Titebond maintains tight quality control over their wood glue’s bonding properties by controlling every manufacturing step.
Does Gorilla Wood Glue Expand When Drying?
Yes, Gorilla Wood Glue contains micro-bubbles that enable it to expand slightly as the glue dries. This expansion action helps the glue fill small gaps for an effective bond.
The amount of foaming is minimal compared to original Gorilla Glue. It will not significantly swell or drip from the wood joint. Just enough expansion occurs to improve gap-filling ability.
Is Titebond FDA Approved?
When fully cured, Titebond II and Titebond III meet FDA specifications for indirect food contact. Once dried, these adhesives are non-toxic for use on cutting boards, wooden bowls, and other food contact surfaces.
Titebond I and Original Wood Glue do not meet FDA standards for food safe application. For any wood project involving food, go with Titebond II or III.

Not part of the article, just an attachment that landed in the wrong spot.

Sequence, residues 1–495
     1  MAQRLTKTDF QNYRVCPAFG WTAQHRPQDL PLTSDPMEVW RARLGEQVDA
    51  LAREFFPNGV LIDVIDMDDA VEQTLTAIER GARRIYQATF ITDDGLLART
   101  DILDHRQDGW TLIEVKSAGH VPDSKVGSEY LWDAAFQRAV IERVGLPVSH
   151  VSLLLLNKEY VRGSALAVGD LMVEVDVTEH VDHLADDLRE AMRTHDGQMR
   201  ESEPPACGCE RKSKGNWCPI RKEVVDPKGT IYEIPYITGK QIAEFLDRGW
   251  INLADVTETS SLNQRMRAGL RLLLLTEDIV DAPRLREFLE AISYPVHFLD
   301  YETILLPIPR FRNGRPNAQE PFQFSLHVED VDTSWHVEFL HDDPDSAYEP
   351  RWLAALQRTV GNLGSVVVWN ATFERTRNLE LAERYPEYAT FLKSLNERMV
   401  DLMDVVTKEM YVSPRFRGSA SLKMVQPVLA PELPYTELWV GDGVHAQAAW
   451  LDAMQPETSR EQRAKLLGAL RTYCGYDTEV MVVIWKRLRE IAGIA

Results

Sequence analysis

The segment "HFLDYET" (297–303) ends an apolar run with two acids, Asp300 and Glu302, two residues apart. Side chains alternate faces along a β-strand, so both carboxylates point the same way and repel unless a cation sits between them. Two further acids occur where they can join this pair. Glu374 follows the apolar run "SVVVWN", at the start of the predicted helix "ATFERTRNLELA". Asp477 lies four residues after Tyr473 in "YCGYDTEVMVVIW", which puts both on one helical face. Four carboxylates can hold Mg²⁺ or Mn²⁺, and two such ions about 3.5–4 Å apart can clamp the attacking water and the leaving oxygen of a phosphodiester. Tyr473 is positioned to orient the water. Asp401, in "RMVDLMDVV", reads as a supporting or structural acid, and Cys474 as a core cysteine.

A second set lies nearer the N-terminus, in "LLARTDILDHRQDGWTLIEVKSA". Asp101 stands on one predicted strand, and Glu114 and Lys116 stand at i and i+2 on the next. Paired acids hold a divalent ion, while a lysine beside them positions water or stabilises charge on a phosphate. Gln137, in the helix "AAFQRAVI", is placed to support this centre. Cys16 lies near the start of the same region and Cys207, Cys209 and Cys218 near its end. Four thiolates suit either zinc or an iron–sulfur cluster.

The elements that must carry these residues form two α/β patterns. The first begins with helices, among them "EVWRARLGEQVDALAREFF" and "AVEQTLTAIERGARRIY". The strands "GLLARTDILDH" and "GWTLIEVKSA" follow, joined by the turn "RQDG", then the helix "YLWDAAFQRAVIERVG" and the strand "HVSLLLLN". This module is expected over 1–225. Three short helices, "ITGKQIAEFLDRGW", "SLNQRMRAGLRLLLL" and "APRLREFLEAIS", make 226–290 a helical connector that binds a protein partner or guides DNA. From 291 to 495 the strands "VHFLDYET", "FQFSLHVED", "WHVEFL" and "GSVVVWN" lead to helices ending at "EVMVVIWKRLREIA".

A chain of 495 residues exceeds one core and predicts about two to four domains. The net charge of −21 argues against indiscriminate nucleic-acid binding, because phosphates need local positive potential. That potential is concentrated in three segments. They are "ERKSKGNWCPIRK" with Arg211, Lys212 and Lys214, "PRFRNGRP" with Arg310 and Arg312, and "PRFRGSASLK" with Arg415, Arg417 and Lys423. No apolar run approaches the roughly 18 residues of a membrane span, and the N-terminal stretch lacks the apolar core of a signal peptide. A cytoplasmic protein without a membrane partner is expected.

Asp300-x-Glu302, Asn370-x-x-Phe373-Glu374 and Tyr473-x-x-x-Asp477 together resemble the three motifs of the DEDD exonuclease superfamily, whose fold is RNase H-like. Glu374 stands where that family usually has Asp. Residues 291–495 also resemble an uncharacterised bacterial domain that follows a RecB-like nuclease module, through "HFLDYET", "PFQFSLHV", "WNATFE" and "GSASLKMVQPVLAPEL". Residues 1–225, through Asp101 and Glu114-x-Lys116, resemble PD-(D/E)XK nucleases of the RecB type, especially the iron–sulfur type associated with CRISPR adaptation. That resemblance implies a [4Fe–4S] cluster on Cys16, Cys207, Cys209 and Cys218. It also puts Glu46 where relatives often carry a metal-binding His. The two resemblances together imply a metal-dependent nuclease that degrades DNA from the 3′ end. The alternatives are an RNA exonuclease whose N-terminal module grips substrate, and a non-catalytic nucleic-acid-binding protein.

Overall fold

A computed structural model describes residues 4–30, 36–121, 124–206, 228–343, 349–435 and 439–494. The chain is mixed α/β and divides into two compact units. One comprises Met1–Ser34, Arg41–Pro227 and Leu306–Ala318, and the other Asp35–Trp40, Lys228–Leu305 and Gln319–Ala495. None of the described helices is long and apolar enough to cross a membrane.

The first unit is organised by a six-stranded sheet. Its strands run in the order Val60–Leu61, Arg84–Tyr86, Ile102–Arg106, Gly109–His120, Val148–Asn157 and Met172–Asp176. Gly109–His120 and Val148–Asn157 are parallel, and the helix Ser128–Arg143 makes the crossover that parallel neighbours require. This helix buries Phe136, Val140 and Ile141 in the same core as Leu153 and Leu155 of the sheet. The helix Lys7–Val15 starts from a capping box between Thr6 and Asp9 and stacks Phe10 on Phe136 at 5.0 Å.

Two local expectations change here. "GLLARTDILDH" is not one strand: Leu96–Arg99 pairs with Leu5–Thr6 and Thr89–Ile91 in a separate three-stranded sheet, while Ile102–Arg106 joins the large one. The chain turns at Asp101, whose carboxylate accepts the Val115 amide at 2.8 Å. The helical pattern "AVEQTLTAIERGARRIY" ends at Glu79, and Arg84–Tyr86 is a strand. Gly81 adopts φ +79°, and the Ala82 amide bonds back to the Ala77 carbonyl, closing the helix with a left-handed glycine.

Whether you’re a hobbyist woodworker or a professional carpenter, choosing the right adhesive is crucial for durable results. By understanding the strengths and limitations of Titebond vs. Gorilla wood glues, you can pick the best product for each project.
For most indoor woodworking, it’s hard to beat the performance and value of Titebond—the wood glue brand that professionals have relied on for decades.
Expand your options with Gorilla products if you need to fill gaps or bond dissimilar materials. Combined with Titebond for wood joints, you’ll have any gluing need covered.
Armed with the knowledge in this guide, you can glue worry-free, knowing your projects will stick around for years to come. So grab that clamp, spread the glue, and start creating!